Page 21 - Ad Hoc Report June 2018
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 unwarranted voucher cutting is prevalent throughout the country.
Judges are not required to provide a reason for cutting a voucher, and often
don’t. Panel attorneys typically lack an effective, or sometimes any, recourse for appealing the judge’s decision. Some panel attorneys testified to the Committee that they are reluctant to challenge voucher cuts, fearing reprisal by the judge within the context of the ongoing case or when submitting vouchers in the future.
The phenomenon of cost-cutting also encompasses refusal by judges to approve expenditures for non-legal services. These can be essential to mounting
an effective defense, especially when counsel is a solo practitioner, as are many panel attorneys. These services include the assistance of a skilled investigator, expert witnesses, and interpreter. Among panel attorneys surveyed by the Committee, 60 percent reported using expert services in just 1 out of 10 cases or less; and only 12 percent reported using these services in more than half their cases. In some dis- tricts, as little as two percent of cases handled by panel attorneys involved the use of experts. Judicial oversight is not the only source of this problem; it is also true that some panel attorneys do not appreciate the value of expert services, know where to find needed experts, or simply want to log more billable hours themselves.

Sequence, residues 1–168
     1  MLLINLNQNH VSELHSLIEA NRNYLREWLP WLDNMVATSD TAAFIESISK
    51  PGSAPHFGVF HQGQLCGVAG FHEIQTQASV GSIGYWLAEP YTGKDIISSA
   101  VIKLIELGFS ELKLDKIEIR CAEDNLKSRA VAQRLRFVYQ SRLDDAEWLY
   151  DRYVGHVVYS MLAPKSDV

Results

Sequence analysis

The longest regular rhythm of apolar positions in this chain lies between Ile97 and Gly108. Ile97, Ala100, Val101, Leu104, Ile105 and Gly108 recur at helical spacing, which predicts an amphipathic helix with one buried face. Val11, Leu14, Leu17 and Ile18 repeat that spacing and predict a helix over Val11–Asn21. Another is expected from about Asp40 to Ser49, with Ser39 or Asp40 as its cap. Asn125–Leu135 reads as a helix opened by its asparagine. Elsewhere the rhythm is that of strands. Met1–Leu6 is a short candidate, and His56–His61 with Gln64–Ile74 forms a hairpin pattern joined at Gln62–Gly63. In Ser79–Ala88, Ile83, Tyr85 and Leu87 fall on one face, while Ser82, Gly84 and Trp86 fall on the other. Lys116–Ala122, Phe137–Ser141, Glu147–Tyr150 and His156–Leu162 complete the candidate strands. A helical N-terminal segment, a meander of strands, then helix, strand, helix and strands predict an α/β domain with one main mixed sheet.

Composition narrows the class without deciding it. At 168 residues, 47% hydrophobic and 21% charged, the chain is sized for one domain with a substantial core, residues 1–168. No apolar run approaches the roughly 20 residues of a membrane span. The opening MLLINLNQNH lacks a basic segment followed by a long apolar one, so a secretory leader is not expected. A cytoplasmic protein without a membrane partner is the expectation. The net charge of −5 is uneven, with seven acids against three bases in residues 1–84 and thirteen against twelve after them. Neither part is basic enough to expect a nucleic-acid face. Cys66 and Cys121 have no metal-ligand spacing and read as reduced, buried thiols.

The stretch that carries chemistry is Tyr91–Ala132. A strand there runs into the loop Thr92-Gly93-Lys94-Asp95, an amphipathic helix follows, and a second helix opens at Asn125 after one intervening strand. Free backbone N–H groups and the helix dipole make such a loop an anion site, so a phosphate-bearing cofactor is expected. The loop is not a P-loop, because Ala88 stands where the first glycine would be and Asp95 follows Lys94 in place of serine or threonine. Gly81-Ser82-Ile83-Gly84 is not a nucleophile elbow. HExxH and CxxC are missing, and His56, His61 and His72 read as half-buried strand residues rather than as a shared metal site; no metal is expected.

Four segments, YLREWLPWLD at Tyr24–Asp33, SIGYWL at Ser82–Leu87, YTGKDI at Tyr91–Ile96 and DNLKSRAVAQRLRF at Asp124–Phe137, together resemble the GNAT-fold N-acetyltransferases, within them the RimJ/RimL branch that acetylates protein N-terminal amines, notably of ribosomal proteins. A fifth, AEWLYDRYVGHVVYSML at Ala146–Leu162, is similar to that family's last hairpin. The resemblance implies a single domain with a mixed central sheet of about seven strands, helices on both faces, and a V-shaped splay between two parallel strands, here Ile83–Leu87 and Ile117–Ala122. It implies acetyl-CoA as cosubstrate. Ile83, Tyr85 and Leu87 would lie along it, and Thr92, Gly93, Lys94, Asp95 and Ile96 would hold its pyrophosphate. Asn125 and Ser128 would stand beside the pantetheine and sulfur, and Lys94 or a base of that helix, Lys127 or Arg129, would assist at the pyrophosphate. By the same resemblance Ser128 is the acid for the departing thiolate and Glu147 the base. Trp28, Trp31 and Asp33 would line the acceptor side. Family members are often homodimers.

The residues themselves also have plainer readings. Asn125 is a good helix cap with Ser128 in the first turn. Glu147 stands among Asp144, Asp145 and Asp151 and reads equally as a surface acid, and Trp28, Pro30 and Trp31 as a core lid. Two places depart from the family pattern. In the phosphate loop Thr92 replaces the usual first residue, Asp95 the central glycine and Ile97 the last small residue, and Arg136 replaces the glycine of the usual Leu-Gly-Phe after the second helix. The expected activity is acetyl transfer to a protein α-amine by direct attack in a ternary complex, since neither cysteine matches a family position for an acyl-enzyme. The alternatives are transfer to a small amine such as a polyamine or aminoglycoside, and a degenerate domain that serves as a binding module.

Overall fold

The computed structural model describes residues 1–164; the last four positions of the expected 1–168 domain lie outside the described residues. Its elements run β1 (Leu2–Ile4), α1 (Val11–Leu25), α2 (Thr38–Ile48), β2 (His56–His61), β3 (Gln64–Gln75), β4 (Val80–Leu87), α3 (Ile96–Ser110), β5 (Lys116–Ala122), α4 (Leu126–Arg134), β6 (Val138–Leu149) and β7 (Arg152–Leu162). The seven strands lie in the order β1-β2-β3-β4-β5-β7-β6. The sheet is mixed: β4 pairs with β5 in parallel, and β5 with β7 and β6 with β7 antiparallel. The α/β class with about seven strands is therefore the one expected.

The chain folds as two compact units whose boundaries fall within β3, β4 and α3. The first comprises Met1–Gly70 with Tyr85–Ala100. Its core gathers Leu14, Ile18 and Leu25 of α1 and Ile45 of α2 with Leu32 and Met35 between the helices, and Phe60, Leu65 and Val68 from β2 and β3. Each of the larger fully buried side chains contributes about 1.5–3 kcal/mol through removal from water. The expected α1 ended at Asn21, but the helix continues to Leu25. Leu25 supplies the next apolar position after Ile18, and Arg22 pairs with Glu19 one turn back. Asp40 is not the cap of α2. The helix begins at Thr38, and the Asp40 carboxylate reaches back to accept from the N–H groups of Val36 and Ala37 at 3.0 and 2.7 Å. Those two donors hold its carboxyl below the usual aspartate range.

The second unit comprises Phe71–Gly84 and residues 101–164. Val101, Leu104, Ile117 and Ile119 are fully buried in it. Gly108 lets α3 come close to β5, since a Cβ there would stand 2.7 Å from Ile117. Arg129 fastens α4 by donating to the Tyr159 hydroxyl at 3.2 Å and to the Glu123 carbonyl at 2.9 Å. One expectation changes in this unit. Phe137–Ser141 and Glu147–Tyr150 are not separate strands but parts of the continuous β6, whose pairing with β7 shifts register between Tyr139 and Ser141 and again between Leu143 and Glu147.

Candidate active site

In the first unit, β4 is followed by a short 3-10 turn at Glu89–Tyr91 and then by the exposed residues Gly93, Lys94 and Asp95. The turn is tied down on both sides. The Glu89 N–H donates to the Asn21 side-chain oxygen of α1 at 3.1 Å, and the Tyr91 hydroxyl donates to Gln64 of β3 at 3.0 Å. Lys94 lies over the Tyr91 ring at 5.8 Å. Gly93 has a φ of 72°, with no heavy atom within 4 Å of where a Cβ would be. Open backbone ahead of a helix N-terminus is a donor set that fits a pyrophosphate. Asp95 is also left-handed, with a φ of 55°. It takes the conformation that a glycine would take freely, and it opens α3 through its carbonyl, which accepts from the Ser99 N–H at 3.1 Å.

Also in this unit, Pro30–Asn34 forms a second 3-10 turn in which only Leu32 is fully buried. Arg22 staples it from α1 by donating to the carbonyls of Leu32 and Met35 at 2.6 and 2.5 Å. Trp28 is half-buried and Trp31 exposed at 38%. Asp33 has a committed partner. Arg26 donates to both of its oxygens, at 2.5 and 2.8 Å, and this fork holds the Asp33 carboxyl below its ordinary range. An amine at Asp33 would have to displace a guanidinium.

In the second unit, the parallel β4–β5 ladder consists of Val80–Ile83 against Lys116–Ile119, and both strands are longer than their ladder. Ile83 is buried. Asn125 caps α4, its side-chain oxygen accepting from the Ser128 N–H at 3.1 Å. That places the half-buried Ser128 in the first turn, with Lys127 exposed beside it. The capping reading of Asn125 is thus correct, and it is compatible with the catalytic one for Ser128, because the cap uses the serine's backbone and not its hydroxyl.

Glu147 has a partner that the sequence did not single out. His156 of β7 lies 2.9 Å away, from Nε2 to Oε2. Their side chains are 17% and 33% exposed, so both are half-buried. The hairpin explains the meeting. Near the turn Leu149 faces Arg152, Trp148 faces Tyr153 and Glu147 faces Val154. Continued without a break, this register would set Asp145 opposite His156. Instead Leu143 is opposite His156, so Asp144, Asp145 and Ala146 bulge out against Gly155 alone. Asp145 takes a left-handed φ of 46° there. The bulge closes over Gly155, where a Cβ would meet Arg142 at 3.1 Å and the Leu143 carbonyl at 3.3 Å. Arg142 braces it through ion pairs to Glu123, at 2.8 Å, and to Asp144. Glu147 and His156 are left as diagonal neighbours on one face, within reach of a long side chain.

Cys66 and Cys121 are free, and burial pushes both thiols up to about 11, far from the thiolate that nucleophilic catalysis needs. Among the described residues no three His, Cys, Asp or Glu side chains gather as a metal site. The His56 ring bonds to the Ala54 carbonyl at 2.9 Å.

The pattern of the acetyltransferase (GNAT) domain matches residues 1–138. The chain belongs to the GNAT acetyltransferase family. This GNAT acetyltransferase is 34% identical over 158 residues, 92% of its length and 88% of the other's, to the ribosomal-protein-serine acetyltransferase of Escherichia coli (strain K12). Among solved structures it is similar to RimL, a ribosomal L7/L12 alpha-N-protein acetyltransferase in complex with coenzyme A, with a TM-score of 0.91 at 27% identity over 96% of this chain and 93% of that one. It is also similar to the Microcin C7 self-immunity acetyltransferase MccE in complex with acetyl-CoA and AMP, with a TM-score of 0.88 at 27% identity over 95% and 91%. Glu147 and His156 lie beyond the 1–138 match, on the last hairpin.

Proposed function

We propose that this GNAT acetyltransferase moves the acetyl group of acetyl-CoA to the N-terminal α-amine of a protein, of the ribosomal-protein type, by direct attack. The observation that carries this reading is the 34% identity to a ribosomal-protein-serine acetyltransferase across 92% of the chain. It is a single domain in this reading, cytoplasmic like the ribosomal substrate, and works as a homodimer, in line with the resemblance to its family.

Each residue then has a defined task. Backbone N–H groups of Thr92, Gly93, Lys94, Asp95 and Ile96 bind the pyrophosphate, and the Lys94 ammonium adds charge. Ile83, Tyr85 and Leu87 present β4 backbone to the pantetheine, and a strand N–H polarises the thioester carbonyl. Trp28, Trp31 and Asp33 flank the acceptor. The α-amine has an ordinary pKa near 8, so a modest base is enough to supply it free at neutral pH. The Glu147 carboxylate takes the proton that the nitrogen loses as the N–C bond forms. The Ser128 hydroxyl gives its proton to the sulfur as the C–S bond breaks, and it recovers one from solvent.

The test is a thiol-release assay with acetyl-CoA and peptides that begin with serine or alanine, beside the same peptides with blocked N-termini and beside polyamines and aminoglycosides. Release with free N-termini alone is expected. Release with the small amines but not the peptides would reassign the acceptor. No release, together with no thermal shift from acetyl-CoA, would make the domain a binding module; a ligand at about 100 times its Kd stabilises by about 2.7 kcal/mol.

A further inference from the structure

Discouraged by the prospect of voucher cutting and the related phenomena described above, many panel attorneys have resorted to “self-cutting,” in which they deliberately do not bill for reimbursable hours or request services they suspect judges will not approve. When these self-cuts are combined with cuts by judges, the effect is systemic undermining of the defense.
The judiciary as a whole is not unsympathetic to the needs of the defense. Most judges are committed to protecting the integrity of our adversarial criminal justice system. At the same time, some judges also feel the need to cut costs, espe- cially in the wake of the 2013 Congressional budget sequestration. More signifi- cantly, when judges do not fully appreciate the time, resources, and tactical deci- sions involved in mounting a vigorous defense they are more likely to conclude that vouchers are excessive in amount or that services are unnecessary. Fundamentally, judges should not be in a position where they have to be experts in defense in order to fairly compensate and reimburse attorneys.
Even when panel attorneys are paid in full, the requirement for judicial review and approval of vouchers often results in payment delays. There are efficient rem- edies to this particular problem. Delays in payment are less common in districts where judges can rely on an initial review and recommendation by a supervising panel attorney or the local federal defender office. This should be common practice. Similarly, case budgeting attorneys have been helpful in preventing both voucher cutting and delays in payment, but they too are not available everywhere.
In addition to being insufficiently compensated, most panel attorneys lack access to training and guidance. As a result, they are behind the curve, especially in complex and quickly changing areas of practice such as electronic discovery. The
No recommendation presented herein represents
the policy of the Judicial Conference of the United 2 0 1 7 R E P O R T O F T H E A D H O C C O M M I T T E E T O R E V I E W T H E C R I M I N A L J U S T I C E A C T xix
States unless approved by the Conference itself.
 






















































































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